BBQ Revolution's Slow-Smoked Vegan Barbecue

The best damn meat-free barbecue you've ever had

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One Austin man stands tall in the fight for animals, environment, and vegans' right to partake in Texas' favorite meal. Blake Newman is hellbent on providing the local meat-free community with the best damn barbecue they've ever had, but this wasn't his original game plan.

Before he opened BBQ Revolution back in 2013, Newman's plan was to offer a varied menu that just happened to include a meat-free barbecue sandwich. He tossed the idea around with a friend at a bar one fateful eve and came to the abrupt conclusion that barbecue sandwiches (or tacos, or burgers, or anything Austin had plenty of already) did not make for a novel food truck enterprise. But real vegan barbecue, prepared traditionally? Nobody else was doing that, and they still aren't. Sure, vegans can fill up on barbecue sandwiches at a few local restaurants and food trucks, including Beer Plant and Blue Cat Cafe – both big players in the Austin vegan food scene – but one barbecue-inspired sandwich is not what Newman had in mind.

The term barbecue isn't necessarily equivalent to meat; it's more about the process and resulting flavor. In the same way all of Austin's conventional barbecue joints painstakingly tend to their beef briskets and pork ribs, BBQ Revolution utilizes marinades, dry rubs, and hours of smoking to attain those craveworthy layers of flavor expected to come out from a barbecue joint. He says, "Everything is done pretty much the same way you would do with meat."

While his focus medium is different from the offerings at Black's or Franklin, Newman is a legit pitmaster: Instead of bovine pectoral muscle, he smokes seitan brisket. Instead of pork ribs, he serves up flavorful slabs of savory tempeh ribs. In place of chopped beef, he offers the crowd-pleasing favorite soy curls. This plant-based barbecue is delicious, but, predictably, also meatless with a mission (because no self-respecting plant-based chef would pass up the opportunity to proselytize when asked): Newman believes that plant-based barbecue is not only animal-friendly, it's better for the environment and people's health, too. There is no cholesterol, no bones, no gristle. "It's good to the last bite, and you never have to spit anything out," Newman says.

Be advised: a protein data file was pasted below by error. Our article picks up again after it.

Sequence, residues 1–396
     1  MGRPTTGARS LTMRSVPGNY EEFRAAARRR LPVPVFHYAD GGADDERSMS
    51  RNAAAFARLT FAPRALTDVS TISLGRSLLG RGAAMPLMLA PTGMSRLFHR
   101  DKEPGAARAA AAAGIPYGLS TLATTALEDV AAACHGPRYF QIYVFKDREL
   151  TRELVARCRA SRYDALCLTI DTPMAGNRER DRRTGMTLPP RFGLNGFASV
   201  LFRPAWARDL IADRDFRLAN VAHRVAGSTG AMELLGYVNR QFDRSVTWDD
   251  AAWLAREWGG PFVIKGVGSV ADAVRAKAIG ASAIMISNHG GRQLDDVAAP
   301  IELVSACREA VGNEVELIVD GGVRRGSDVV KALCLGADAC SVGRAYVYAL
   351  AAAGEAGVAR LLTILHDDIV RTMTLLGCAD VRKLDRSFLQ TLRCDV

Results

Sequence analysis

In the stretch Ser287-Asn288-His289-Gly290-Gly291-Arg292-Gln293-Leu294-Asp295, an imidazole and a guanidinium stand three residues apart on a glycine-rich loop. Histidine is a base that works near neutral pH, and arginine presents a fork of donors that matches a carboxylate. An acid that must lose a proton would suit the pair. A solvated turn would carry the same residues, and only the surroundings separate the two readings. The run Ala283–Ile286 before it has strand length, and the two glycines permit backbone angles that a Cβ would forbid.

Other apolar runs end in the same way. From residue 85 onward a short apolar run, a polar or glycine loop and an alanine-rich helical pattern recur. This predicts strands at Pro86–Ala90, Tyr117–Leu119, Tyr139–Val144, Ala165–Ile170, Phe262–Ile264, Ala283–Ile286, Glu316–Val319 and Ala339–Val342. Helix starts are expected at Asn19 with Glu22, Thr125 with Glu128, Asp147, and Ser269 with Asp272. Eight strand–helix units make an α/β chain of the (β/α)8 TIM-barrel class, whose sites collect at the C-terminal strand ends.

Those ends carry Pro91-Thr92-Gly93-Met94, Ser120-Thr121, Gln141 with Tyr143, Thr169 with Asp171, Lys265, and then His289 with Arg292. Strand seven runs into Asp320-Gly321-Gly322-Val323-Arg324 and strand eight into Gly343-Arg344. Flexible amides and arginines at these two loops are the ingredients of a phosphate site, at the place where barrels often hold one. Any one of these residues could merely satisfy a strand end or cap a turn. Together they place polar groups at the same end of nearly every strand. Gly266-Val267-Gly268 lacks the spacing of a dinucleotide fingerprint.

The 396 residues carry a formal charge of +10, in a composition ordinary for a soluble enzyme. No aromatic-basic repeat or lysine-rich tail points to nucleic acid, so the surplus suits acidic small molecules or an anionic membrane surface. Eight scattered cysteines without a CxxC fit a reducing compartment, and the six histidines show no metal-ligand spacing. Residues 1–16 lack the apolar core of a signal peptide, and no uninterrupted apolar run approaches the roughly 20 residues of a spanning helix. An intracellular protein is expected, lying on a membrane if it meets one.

As vegans across Austin are painfully aware, the popular trailer has been out of commission for some time now and fans were starting to get nervous that they'd seen the last of BBQ Revolution. Facebook posts and online reviews were pouring in from barbecue lovers begging for answers and pleading for Newman to reopen soon. He'd closed up shop after a big Oktoberfest bash last year, with the intention of taking a breather and finding a new space. From sick pets to frozen trailer pipes, personal and professional setbacks cropped up over the last year. Permits took longer than anticipated, refrigerators had to be replaced, electricians were rescheduled. "I didn't plan on it being this long," he explains. "It took a lot out of me."

Finally, as of May 30, BBQ Revolution is back and better than ever, and it's already proving to be well worth the wait. While Newman is only reopening the food truck for now, the plans for a brick-and-mortar restaurant across the parking lot are shaping up. He'll be sharing the space with White Mountain, the same folks that make the quality seitan Newman slow-smokes. He'll still serve up fan favorite sides like creamy mac & cheese, Cajun corn, and potato salad, and has a few surprises in store (vegan McRib, anyone?). Bring your appetite. Newman will supply the Wet-Naps.

BBQ Revolution

3301 E. Fifth

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Blake Newman, BBQ Revolution, barbecue, vegan

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